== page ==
"Horizons will offer a glimpse of what the future holds for all of us, by looking at the businesses that are testing the boundaries of science and technology,” said BBC Global News Senior Commissioner Paul Gibbs. "It’s a global series, and we’ll be visiting companies across the world to uncover the ones with the most interesting, intriguing and advanced ideas and products.”
The University of Tennessee Research Foundation is seeking qualifications and portfolios for an exhibit design/fabrication firm or team for the West Tennessee Solar Farm Welcome Center. The firm or team will design, fabricate and install interpretive educational exhibit(s) that will be located within the Welcome Center. The Welcome Center is planned to be built in Haywood County, Tennessee.
The University of Tennessee Research Foundation is issuing this Request for Qualifications at the request of the University of Tennessee. UT has a service contract with the Tennessee Department of Economic and Community Development, and is responsible for development of the West Tennessee Solar Farm’s solar-education outreach, as well as the farm’s solar array. UT has subcontracted aspects of this development to the UT Research Foundation, an independent 501(c)3 organization.
Interested design firms or teams should meet the criteria described in the attached Request for Qualifications, and must provide the requested documentation by May 2, 2011.
Submitted qualifications will be evaluated, and a short list of qualified firms or teams will be identified. A Request for Proposals then will be issued to qualifying firms or teams, as described within the Request for Qualifications.
This online course will train and expose entrepreneurs, graduate students, researchers, and faculty members to the SBIR/STTR programs, which provide them the opportunity to get their research to the market place. These programs are designed for high risk research and real emphasis is placed on commercialization. The attendees will learn that each agency runs their programs in a slightly different manner and it is vital to understand what the customer, the federal agency, is seeking. Common errors and tips in writing a good proposal are covered. The expected outcome of this course is to give the researchers an advantage in knowing how the proposals are reviewed and what to include in a competitive proposal.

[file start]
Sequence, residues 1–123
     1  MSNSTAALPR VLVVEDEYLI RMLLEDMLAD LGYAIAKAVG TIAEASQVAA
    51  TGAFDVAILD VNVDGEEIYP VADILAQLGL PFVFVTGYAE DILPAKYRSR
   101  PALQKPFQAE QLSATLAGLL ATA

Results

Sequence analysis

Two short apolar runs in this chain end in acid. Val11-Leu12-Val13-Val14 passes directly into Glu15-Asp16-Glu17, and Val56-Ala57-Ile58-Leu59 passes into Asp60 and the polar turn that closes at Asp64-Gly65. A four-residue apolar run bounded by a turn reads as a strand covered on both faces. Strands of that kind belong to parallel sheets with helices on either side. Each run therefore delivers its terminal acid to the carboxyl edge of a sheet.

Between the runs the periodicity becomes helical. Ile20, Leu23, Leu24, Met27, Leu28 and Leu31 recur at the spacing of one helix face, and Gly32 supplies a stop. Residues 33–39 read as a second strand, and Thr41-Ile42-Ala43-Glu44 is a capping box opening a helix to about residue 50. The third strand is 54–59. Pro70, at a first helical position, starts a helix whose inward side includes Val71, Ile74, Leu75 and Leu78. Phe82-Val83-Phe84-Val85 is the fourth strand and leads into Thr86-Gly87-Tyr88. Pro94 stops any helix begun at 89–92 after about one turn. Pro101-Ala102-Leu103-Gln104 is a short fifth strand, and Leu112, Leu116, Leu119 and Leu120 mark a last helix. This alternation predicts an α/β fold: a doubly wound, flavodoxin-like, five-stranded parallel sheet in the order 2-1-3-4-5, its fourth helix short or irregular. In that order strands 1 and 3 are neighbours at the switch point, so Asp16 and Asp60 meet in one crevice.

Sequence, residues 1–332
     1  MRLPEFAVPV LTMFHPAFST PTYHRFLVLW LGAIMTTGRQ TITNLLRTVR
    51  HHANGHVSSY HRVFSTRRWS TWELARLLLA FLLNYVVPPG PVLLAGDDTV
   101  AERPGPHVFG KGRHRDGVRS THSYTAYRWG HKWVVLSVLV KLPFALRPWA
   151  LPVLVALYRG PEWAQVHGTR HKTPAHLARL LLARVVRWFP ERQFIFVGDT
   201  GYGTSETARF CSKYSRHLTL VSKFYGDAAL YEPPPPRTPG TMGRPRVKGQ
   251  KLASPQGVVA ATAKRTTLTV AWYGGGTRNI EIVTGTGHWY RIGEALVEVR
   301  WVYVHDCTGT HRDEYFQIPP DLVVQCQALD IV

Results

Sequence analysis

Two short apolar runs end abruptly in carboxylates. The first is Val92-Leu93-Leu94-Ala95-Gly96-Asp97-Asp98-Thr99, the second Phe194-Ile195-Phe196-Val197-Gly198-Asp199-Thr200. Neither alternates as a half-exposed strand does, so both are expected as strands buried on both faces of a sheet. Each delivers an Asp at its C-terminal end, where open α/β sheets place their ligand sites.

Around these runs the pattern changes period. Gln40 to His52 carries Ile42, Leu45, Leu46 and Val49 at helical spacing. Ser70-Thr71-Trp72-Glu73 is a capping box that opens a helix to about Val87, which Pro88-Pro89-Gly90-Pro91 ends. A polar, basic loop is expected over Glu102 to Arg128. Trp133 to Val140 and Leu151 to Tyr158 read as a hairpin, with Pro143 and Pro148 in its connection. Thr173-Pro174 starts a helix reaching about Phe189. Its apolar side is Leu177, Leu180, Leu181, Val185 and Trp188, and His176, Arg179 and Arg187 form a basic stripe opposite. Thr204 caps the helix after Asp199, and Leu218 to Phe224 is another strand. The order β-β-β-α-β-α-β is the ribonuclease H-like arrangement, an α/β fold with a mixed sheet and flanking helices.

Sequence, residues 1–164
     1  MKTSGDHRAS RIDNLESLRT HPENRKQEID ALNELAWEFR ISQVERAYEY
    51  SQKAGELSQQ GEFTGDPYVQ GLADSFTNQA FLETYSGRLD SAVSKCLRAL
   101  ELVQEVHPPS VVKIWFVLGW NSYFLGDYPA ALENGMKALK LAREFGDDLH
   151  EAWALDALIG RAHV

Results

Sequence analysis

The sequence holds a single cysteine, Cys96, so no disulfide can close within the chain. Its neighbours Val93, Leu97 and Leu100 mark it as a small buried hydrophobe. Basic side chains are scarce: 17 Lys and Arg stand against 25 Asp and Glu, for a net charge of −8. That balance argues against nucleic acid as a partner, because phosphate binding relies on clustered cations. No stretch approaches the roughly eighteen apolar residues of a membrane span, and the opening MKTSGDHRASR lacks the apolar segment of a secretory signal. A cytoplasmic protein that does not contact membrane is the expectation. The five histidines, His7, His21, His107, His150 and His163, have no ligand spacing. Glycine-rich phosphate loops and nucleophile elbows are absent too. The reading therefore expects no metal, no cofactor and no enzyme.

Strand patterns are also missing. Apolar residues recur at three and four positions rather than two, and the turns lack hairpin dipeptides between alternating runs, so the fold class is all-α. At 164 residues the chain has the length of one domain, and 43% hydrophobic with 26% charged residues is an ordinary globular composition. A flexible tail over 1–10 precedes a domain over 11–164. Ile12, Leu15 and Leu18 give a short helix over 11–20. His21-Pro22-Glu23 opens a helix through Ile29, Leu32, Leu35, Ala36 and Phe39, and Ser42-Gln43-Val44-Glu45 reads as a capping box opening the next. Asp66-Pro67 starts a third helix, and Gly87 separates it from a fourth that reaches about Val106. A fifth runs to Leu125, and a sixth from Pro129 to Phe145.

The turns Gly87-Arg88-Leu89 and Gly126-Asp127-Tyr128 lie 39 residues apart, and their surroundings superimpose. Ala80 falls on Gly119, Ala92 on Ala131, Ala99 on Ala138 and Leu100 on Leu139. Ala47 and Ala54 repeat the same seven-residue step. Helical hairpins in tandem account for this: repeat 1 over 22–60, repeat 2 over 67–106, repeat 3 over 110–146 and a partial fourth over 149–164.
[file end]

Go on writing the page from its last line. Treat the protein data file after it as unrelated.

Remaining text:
Edward Vincent Clancy, JD., D.Eng. MBA, Esq.
Professor Emeritus, Cal Poly University
Chief Technology Officer - ACTA Technology
Kris Johansen, PhD, MBA
SBIR/STTR Program Administrator
Office of Intellectual Property and Technology Transfer
Iowa State University
Tennessee’s rapidly-growing solar industry received another boost today when the Tennessee Solar Institute (TSI) announced $7.27 million in Solar Innovation Grant awards to companies across the volunteer state. Each of the 59 projects to 38 businesses representing each of Tennessee’s nine U.S. congressional districts will build on and enhance the already substantial steps taken to continue the strong growth of Tennessee’s solar value chain.
Creating jobs and facilitating Tennessee’s ever-expanding solar industry are the goals of the Solar Innovation Grant Program, says David Millhorn, executive vice president, University of Tennessee. "This announcement is another big win for Tennessee’s solar industry,” said Millhorn. "These grants give companies across the solar value chain the edge they need to be highly competitive and to continue Tennessee’s distinction as a clean energy leader.”
Three groups of University of Tennessee, Knoxville, researchers have been awarded a total of $150,000 in Technology Maturation Fund awards from the Tennessee Technology Development Corporation. The awards support promising technologies in moving from the lab to the proof-of-concept or prototype stage to attract additional investor support or secure third-party licensing deals in the areas of the life sciences, engineering, materials sciences, computer sciences and other high-technology industries. The grants support technologies that have already received some funding, but need additional support to reach the commercialization stage.
University of Tennessee recipients include the following: